Johnny Cash proposed to June Carter 45 years ago today
It's well-known that the two were friends for long before their marriage, and that June played a big role in helping Johnny cope with the troublesome drug addiction that plagued him most his adult life. Johnny and June met in 1956 while performing as part of the Opry, and by the mid-1960s, the two had hit the road as a duo. They won a Grammy in 1968 for their duet of "Jackson," and by the time they were married, won again in 1971 for another duet, "If I Were a Carpenter."
As the story goes, on February 22, 1968 they had just performed their version of "Jackson" onstage at the hockey arena when Johnny stopped the show and said, "Will you marry me?" on the microphone. June responded with, "Go on, sing another, sing another." He replied, "I'm not gonna sing until you answer me -- will you marry me?" to which she again responded, "Sing a song, John, sing a song," turning her back to him and trying to get the band to pick up playing again. The repartee continued until she finally answered him, "Yes."
Johnny and June had three previous marriages between them (one for Johnny, two for June), plus a blended family of seven children (four for Johnny, two for June, and one born to the both of them). Their own 35-year marriage came to a close when June Carter Cash died at the age of 73 on May 15, 2003, from complications from heart valve surgery.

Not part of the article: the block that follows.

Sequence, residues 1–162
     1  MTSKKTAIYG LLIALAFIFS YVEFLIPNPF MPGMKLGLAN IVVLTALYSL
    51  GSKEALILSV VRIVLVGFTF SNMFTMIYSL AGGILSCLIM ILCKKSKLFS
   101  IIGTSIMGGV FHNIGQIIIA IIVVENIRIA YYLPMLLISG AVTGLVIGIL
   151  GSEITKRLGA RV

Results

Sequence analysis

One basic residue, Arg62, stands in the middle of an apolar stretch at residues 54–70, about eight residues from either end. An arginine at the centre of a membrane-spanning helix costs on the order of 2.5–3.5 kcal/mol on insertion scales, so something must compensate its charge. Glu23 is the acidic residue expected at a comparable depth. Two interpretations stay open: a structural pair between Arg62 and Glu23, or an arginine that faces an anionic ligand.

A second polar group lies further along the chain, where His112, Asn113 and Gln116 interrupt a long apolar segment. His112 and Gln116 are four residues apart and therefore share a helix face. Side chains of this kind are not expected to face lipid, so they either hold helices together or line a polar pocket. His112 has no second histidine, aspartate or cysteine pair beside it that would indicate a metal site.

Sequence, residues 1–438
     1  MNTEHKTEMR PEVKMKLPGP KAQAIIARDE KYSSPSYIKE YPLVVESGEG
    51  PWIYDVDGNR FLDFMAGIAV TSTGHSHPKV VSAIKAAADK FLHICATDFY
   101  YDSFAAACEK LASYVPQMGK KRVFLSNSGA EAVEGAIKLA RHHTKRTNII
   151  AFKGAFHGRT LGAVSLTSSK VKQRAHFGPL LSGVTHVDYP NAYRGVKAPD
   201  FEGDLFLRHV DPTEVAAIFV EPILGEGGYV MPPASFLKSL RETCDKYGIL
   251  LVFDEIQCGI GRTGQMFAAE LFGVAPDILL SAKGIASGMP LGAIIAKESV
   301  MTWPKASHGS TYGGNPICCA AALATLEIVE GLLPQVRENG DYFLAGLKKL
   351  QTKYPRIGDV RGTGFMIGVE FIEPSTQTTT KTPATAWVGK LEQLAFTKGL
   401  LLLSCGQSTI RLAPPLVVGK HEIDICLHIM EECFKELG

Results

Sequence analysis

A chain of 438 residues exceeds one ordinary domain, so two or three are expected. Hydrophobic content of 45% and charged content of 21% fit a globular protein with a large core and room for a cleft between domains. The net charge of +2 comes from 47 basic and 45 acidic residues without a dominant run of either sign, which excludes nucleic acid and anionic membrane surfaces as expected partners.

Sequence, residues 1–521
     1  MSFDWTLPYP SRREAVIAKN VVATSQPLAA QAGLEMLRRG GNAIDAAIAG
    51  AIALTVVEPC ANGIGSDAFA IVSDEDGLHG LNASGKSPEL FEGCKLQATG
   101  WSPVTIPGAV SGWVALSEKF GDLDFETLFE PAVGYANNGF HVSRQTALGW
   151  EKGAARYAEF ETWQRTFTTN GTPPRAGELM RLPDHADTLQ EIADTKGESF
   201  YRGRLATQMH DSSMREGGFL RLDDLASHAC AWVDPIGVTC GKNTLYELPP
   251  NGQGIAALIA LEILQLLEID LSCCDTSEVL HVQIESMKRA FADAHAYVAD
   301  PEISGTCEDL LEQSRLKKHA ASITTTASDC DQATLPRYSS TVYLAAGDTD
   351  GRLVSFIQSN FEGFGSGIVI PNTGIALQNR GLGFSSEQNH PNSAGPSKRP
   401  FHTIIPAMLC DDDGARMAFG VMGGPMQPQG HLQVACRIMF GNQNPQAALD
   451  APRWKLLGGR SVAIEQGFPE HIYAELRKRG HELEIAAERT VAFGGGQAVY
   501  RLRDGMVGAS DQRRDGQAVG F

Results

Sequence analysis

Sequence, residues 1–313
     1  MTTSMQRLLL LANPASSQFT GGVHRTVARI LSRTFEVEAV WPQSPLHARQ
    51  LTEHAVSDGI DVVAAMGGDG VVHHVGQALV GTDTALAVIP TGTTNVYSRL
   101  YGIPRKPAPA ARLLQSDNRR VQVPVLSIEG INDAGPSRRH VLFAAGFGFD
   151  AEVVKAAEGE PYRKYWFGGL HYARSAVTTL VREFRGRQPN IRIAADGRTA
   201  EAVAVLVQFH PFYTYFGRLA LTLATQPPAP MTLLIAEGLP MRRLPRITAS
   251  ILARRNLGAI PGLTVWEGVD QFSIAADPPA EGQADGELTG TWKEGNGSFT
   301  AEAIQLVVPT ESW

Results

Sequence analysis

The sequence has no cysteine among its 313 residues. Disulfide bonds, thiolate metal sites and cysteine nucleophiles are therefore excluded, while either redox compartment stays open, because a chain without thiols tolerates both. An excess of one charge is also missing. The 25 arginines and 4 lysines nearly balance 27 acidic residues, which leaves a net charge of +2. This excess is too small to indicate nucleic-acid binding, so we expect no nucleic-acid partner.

Johnny was holding her hand when she died, and had her Wildwood Flower album cover painted on the elevator of their house in her memory. Johnny himself passed away less than four months later, and they are buried next to each other at Henderson Memory Gardens in their home of Hendersonville, Tennessee, just outside Nashville.
The well-known song "Ring of Fire" was co-written by June in 1963, and for many is synonymous with their early attraction to one another. But "Flesh and Blood," a 1970 single featured in the Gregory Peck film I Walk the Line, is a lesser known (and very sweet) song Johnny Cash wrote about his love for June.